Di Saunders, OUS: 503-725-5714; Cell: 503-807-5539
Board of Higher Ed Approves '03-'04 Tuition Rates,
Campus Aid for Lowest Income Oregonians
PORTLAND, April 18 - The State Board of Higher Education (the "Board") approved tuition rates for all Oregon University System (OUS) campuses, increased institutional aid for low-income Oregonians, and discussed how
the System will address access and quality in light of
diminishing state support, among other items approved or reviewed at
its two-day meeting at Western Oregon University on April 17 and 18.
Tuition Rates The Board today approved tuition rates for the Fall 2003-04 and 2004-05 academic years,
which vary by institution. In developing tuition proposals, campuses had to evaluate their financial conditions considering many factors: impacts on students, current biennium General Fund reductions already taken by institutions, expected enrollment growth, the ability to support low-income students with tuition discounts, and
the likelihood of significant cuts to campuses in the 2003-05 biennium. "OUS is assuming a General Fund
reduction for 2003-05 of up to 10%, which will mean state funding lost for more than 12,000 students," said
Anderes, senior vice chancellor for finance and administration at
Board president, Jim Lussier, said, "In this type of economy, tuition increases at any level will certainly impact
the plans and choices
of students and families over the next few years. Given the
anticipated decreases in state appropriations for 2003-05, campuses
will have to rely more heavily on tuition to cover instructional and
other costs, while unfortunately, facing the likelihood of cutting
staff, courses and class sections, and making tough choices about
top priorities," added Lussier.
Tuition increases approved for 2003-04 average 3.3% or $107 across the System over the prior year; and increases approved for 2004-05 average 8.8% or $291 over the prior year (2003-04) rates. For resident undergraduates increases for 2003-04 will be 3.2% at Eastern Oregon University (to $3,102); 3.3% at Oregon Institute of Technology (to $3,333); 4% at Oregon State University (to $3,492); 0% at Portland State University ($3,240); 3.4% at Southern Oregon University (to $3,138); 2% at University of Oregon (to $3,540); and 8% at Western Oregon University (to $3,240). Resident graduate students will see 2003-04 tuition increases ranging from 3.3% at OIT to 15.6% at EOU. Non-resident undergraduates tuition increases for 2003-04 range from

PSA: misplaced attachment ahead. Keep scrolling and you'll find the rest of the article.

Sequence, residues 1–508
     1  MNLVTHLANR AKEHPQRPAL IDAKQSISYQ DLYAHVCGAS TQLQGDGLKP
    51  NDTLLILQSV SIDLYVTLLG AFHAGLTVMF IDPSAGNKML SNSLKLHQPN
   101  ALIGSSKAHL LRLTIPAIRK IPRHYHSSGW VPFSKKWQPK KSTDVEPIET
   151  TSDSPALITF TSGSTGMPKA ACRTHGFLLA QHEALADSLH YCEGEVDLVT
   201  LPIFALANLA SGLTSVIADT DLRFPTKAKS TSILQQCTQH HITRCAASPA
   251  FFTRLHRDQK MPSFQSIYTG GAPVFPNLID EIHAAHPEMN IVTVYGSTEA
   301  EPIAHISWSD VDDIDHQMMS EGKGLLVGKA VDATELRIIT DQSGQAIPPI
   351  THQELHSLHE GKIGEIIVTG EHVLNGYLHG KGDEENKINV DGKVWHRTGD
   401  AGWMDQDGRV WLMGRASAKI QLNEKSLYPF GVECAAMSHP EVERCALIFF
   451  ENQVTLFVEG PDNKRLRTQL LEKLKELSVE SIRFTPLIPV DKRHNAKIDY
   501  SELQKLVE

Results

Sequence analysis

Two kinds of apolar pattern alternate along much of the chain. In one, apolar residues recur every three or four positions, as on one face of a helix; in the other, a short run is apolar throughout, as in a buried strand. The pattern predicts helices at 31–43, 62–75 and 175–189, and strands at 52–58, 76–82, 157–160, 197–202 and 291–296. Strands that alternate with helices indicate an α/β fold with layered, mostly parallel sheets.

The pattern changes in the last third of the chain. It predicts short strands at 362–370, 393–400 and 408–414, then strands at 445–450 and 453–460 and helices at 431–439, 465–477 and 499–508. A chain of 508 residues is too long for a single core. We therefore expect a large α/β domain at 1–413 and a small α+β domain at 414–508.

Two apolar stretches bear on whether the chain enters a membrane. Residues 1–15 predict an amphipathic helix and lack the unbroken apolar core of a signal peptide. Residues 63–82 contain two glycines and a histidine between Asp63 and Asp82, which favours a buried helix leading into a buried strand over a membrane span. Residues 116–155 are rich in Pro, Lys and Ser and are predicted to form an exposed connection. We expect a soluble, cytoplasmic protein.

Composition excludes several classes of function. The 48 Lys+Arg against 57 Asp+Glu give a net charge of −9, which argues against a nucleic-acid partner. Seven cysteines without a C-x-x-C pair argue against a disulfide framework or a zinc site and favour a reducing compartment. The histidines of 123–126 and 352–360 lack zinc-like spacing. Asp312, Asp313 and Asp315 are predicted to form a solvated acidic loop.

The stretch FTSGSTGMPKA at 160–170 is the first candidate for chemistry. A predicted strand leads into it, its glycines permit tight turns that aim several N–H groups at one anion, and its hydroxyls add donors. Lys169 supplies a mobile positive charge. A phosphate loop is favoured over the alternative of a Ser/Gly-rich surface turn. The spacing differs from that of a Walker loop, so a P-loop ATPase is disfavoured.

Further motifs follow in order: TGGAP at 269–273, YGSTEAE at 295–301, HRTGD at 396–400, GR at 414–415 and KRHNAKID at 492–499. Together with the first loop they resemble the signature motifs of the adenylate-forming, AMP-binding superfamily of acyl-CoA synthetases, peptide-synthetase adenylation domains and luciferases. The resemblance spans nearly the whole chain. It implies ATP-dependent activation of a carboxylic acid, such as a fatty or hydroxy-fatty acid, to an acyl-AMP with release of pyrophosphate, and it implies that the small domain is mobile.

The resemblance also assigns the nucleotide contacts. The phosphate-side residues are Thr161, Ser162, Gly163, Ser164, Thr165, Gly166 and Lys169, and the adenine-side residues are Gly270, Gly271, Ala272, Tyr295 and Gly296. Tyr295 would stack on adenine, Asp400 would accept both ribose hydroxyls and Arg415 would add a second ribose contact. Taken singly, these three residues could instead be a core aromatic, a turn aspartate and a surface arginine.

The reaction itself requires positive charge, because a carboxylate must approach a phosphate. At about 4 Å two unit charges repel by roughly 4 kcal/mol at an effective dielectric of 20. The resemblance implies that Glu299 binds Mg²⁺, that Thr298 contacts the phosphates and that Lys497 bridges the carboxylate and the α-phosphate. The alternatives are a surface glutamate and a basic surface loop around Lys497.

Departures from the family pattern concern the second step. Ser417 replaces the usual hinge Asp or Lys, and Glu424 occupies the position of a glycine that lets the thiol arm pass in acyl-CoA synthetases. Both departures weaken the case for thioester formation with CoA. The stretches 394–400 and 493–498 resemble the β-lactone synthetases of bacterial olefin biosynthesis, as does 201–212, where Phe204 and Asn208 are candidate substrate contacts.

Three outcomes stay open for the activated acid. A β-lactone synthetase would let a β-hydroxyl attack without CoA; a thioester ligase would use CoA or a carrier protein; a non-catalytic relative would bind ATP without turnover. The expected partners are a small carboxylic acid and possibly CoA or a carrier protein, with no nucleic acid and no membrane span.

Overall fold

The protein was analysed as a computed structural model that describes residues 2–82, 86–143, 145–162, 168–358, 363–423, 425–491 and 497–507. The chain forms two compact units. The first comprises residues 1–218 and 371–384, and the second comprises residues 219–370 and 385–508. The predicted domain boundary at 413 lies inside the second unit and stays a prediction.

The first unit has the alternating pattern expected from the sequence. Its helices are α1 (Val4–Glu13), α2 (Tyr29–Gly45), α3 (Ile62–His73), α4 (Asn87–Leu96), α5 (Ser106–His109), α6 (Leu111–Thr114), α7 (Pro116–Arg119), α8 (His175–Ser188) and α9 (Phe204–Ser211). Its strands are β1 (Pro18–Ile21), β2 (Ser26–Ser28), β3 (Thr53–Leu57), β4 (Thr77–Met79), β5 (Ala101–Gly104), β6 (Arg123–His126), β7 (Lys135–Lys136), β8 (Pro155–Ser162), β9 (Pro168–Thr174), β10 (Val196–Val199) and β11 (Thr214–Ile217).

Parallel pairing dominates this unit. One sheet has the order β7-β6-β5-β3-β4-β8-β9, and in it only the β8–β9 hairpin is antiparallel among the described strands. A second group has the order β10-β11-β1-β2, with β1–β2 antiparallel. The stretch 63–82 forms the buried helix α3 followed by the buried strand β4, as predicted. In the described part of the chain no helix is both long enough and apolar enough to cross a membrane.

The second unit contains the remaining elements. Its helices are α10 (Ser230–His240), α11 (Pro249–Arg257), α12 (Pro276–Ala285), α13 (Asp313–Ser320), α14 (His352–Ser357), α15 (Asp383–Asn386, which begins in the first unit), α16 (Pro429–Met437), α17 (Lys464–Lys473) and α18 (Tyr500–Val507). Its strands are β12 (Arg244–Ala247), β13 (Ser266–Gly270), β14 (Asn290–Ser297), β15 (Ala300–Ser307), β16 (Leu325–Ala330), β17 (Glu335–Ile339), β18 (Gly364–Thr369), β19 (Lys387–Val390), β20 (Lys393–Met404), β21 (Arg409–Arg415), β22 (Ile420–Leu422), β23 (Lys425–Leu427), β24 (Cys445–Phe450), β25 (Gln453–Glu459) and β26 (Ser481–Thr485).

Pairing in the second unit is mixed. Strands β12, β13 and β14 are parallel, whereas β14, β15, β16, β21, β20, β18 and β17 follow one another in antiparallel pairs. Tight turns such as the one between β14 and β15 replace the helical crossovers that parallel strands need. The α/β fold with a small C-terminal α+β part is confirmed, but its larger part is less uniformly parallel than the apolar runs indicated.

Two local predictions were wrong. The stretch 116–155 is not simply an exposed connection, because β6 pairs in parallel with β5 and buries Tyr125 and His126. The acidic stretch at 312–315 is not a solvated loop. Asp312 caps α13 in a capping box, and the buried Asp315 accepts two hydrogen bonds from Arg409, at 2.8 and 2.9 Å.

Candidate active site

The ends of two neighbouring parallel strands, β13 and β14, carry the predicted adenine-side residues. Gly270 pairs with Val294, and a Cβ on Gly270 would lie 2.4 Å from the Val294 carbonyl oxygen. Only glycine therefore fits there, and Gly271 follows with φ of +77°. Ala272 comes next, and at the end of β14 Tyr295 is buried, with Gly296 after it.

0.6% at OIT and UO to 14.1% at OSU. Non-resident graduate student increases for 2003-04 range from 0.2%
at UO to 30.4% at EOU (also see third-page attachment for more details).
are also considering alternative ranges to the tuition plateau,"
said Richard Jarvis, chancellor of the Oregon University System.
"While historically, students have paid the same rate regardless
of when they attend classes, the University of Oregon, for example,
has adopted lower tuition rates for students who attend during
periods of lower use. These types of innovative approaches to
keeping tuition levels down will also reduce class size at peak
times, and fully utilize facilities during evening hours," noted
Also approved today was a change in OUS's 2003-05 budget
reduction plan for fee remissions, which provide a tuition discount
to low-income students. The Board proposes that fee remissions
remain at $830,000 for the 2003-05 biennium, versus being cut by
50%. "The reduction in this type of financial support for
low-income students during a period of increasing tuition and
decreasing state grant aid is counterproductive to the System's
goals of inclusion and access for all Oregonians," stated Jarvis.
Each campus is also setting aside additional funds for fee
remissions, ranging from approximately 7% to 17% of total tuition
Access and Affordability
The Board discussed the relationship between
quality, access and affordability at System campuses, with the goal
of committing to a policy position that links enrollment with
per-student state support. "In times of shrinking state resources,
maintaining full access without the requisite state funding puts
instructional and other quality indicators at risk," said Roger
Bassett, chair of the Board's System Strategic Planning Committee.
He noted that the State Board of Education, which oversees the K-14
System, expressed its convergence with this policy at the Joint
Boards Working Group earlier this week. "Supporting unfunded
students means that available resources are stretched thinner,
leading to class, course, program and faculty cuts," Bassett
added. "For students already enrolled, this can mean a longer time
to graduation, and thus higher college costs, higher student loan
debt, and income lost with delay in entering the workplace. There
are no good choices in this economic vice grip that Oregon is
struggling with right now," said Bassett. Members agreed that
funding per-student at OUS institutions cannot be further eroded or
students and educational delivery will be significantly harmed.
Oregon University System (OUS) comprises seven distinguished public universities, reaching more than one million people each year through on-campus classes, statewide public services and lifelong learning. The Oregon State Board of Higher Education, the statutory governing board of OUS, is composed of eleven members appointed by the Governor and confirmed by the Oregon State Senate. For additional information, go to www.ous.edu